‘And families now, families who have been separated throughout the year, assemble once more together. Now under these conditions, my friend, you must admit that there will occur a great amount of strain. People who do not feel amiable are putting great pressure on themselves to appear amiable! There is at Christmas time a great deal of hypocrisy, honourable hypocrisy, hypocrisy undertaken pour le bon motif, c’est entendu, but nevertheless hypocrisy!’

Lydia Lee:

‘”Who would have thought the old man to have had so much blood in him?”’ (a quote from Macbeth – Act Five Scene 1 in The Tragedy of Macbeth )

Pilar Estravados (to Simeon Lee):

‘Take what you like and pays for it’  (a Spanish proverb)

Stephen Farr (during the interview with the police)

‘…I don’t think that Simeon Lee was a highly moral member of society. I don’t mean that he was exactly a crook, but he sailed pretty near the wind. His morals were nothing to boast about anyway. He had charm, though, a good deal of it. And he was fantastically generous. No one with a hard-luck story ever appealed to him in vain. He drank a bit, but not over-much, was attractive to women, and had a sense of humour. All the same, he had a queer revengeful streak in him. Talk of the elephant never forgets and you talk of Simeon Lee. My father told me of several cases where Lee waited years to get even with someone who’d done him a nasty turn.’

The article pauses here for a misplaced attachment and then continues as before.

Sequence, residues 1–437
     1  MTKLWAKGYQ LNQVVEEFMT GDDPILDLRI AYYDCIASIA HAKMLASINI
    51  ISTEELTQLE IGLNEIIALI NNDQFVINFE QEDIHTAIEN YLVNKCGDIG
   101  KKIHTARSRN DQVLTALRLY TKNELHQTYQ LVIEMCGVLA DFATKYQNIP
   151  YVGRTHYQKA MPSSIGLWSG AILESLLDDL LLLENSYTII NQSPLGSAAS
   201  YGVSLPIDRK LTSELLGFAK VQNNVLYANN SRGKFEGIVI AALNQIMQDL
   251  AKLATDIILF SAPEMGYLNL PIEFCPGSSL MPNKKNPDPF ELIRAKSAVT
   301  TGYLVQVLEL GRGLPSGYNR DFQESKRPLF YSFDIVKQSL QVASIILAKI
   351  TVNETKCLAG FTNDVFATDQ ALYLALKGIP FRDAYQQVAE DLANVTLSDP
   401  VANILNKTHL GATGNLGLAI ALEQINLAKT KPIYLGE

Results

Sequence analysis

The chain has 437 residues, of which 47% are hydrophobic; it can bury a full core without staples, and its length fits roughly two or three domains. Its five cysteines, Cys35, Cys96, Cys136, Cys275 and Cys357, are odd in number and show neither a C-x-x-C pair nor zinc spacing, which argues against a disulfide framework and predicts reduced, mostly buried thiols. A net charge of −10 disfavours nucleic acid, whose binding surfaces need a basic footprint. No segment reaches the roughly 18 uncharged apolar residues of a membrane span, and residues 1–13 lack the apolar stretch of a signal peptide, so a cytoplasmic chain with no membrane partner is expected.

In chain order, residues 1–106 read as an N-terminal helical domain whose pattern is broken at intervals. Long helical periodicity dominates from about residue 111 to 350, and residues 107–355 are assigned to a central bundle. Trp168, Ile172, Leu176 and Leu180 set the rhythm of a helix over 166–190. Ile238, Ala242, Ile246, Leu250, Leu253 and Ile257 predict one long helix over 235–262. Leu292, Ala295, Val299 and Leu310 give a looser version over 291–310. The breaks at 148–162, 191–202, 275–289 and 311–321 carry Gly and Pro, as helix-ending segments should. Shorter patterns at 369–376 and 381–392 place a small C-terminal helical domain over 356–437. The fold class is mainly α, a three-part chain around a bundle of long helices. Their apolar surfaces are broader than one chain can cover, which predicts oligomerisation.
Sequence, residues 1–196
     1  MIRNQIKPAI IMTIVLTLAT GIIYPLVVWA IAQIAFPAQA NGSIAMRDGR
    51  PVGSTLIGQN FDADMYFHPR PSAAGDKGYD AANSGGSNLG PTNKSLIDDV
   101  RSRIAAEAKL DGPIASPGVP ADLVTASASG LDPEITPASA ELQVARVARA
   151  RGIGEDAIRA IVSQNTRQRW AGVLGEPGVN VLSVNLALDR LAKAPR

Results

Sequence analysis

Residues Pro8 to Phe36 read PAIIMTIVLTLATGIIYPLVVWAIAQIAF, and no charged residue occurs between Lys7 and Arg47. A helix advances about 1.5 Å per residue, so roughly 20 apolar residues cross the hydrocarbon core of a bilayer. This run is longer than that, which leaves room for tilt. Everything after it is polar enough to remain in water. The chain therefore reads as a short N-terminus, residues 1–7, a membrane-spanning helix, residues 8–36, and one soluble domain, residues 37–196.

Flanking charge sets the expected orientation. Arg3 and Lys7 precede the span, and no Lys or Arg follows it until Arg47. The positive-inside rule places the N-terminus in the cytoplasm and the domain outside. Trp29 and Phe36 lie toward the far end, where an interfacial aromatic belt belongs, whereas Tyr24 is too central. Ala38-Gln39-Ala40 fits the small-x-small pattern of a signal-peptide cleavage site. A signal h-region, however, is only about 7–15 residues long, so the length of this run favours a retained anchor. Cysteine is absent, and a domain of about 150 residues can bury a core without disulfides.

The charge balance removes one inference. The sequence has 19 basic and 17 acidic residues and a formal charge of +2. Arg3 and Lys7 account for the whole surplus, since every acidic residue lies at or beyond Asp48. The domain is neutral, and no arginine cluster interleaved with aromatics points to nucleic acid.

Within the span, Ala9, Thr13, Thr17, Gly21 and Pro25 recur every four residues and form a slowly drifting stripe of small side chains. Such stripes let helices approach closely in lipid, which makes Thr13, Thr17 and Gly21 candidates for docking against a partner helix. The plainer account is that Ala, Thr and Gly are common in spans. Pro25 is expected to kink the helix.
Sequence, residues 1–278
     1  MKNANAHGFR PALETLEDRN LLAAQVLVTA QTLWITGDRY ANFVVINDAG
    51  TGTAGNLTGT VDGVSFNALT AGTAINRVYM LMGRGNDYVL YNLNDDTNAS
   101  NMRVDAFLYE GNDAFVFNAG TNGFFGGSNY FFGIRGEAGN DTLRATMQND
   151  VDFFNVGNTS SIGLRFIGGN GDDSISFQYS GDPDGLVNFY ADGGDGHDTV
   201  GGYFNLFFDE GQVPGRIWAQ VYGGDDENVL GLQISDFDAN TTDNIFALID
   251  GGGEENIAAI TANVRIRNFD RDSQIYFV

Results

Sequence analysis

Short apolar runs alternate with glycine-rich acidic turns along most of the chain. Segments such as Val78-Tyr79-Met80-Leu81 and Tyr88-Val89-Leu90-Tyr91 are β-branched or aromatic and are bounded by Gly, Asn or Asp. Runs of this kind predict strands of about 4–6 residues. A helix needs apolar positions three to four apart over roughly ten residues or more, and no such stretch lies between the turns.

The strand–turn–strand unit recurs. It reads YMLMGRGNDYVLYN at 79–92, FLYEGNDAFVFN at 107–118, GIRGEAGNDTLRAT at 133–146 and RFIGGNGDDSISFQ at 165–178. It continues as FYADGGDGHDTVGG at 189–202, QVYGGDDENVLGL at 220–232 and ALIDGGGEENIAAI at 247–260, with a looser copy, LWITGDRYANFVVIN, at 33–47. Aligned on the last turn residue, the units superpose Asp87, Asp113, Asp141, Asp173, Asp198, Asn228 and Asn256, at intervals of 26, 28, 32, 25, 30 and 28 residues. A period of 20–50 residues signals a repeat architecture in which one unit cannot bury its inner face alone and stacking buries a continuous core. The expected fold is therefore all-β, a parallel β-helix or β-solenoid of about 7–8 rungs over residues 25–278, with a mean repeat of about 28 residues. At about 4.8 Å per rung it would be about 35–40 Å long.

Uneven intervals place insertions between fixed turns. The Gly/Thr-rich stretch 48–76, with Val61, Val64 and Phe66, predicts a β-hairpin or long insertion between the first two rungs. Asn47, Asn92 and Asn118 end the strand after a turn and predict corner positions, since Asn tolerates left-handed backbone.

Tressilian (during the interview with the police):

‘It seems sometimes, sir, as though the past isn’t the past! I believe there’s been a play on in London about something like that. There’s something in it, sir- there really is. There’s a feeling comes over you – as though you’d done everything before. It just seems to me as though the bell rings and I go to answer it and there’s Mr. Harry – even if it should be Mr. Farr or some other person – I